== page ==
When Disneyland opened in 1955, it was revolutionary in dozens of ways that you probably are well aware of. One of my personal favorites is its ingenious design where various themed lands could live alongside one another and are easily accessible from a central location, or “hub.”
When Disneyland was being designed, long before there were even crowds to control, Walt and Herb Ryman were already concerned with how to effectively move guests around the park. The hub also served as a location where guests could gather to watch parades and fireworks as they traveled down Main Street.
When Walt Disney World opened in 1971, not only did they duplicate the design, they expanded it. Considering how popular Disneyland was getting in the mid 1960’s, it made sense to make Main Street wider and to nearly double the size of the hub to accommodate bigger crowds.
Even though the basic design is the same (only larger), it has withstood the test of time in Florida for over 40 years – until recently. Over the past several years, the area in front of Cinderella Castle has changed from a spot that goes largely unused throughout the day to one that has some form of entertainment nearly every 30 to 45 minutes. During the day, there are Castle stage shows like Dream Along With Mickey, or the Move It! Shake It! Celebrate It! Street Party.
Twice each night, The Main Street Electrical Parade ties up the Magic Kingdom hub for around 45 minutes. In addition, Wishes is a fireworks show designed to be viewed while standing in front of the Castle unlike the older pyrotechnic shows that preceded it. When you factor in the night time Celebrate the Magic projection show happening twice a night, the hub can barely catch a breather from the crowds coming to enjoy the various entertainment from park open to close.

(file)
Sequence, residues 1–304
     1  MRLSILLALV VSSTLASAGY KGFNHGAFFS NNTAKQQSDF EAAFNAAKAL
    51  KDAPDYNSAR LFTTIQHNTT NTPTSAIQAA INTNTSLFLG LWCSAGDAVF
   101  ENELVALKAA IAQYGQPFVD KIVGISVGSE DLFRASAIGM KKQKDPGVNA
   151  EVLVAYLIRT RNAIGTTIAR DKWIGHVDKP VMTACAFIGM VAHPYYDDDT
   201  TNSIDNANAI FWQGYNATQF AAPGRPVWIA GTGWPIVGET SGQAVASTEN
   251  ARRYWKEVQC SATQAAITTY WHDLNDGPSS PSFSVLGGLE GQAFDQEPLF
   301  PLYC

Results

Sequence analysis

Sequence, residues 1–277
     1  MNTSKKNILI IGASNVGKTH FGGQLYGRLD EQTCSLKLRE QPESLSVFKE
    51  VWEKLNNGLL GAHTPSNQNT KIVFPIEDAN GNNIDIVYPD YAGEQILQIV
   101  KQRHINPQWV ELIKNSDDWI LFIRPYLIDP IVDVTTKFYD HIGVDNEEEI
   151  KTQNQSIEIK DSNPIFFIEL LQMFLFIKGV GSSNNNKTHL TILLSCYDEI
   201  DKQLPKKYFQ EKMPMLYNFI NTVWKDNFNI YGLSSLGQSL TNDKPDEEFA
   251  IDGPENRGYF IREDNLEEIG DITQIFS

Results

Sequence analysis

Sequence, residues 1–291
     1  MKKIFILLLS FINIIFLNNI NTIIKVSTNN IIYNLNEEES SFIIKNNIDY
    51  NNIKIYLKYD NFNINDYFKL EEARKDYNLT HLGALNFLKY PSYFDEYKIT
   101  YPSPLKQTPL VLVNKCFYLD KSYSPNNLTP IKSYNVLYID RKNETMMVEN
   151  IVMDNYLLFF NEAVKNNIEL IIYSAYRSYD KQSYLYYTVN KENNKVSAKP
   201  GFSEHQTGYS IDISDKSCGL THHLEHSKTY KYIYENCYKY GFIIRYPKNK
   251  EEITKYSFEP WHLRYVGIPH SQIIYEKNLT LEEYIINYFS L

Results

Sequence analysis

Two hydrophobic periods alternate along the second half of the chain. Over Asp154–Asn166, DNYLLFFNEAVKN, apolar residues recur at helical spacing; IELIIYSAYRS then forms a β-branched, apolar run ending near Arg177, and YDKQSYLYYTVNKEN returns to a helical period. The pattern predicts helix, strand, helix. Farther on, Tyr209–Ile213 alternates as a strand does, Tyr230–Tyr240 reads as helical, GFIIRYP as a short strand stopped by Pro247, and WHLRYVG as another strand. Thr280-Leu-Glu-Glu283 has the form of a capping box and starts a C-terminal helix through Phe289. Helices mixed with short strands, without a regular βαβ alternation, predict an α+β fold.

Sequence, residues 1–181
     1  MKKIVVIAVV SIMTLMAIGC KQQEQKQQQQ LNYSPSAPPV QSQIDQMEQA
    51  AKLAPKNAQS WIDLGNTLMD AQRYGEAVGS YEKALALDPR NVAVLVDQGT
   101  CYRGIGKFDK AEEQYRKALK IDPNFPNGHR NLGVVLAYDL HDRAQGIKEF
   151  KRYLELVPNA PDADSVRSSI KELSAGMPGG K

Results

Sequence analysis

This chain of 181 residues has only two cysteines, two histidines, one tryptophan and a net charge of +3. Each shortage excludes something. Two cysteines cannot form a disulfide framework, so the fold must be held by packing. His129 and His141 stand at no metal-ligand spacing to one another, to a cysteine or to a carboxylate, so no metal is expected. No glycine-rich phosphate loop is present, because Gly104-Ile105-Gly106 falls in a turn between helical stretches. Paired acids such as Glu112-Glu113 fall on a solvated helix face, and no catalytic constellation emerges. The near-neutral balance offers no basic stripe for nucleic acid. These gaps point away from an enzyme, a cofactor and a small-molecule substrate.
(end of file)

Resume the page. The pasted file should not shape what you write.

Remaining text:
While on an average day, the hub can handle a large amount of guests, during peak times like Christmas, spring break and summer, the hub can become unbearable with enormous crowds in the evening, either camped out waiting for Wishes, crossing from one land to another, or just looking to escape the madness and get back to their hotels. So the call to action was put into place a few years ago, spurred by the arrival of Next Gen/FastPass Plus.
On the downside, a lot of the areas of greenery between the hub and the various lands surrounding it will be minimized and filled in with larger shrubs and trees to help create the visual barrier between the hub and Adventureland, Liberty Square and Tomorrowland, respectively. That little grassy area beyond the railing of the hub and the moat will be pushed back in most cases. This also pushes the sidewalk back and allows for more people to not only be in the hub, but to still travel through the park on extremely crowded days like New Year’s Eve.
As I mentioned before, part of the push for this project was thanks to Disney’s Next Gen project. There will be designated viewing areas for the parades and fireworks as a FastPass Plus option for guests that choose it as an option. Where will it be located? It’s hard to say and to be honest, the space should be flexible in size based on demand. For example, the demand to see Mickey’s Very Merry Christmas Parade will be far greater than the typical day parade, so they can open up a larger space for FastPass Plus if needed.
So what are your thoughts? Do you think some of the empty space between the current Magic Kingdom hub and the various lands is worth being sacrificed for a bigger space to watch parades and fireworks? Or is some of the charm and theming going to be lost in the process? Let me know in the comments section below.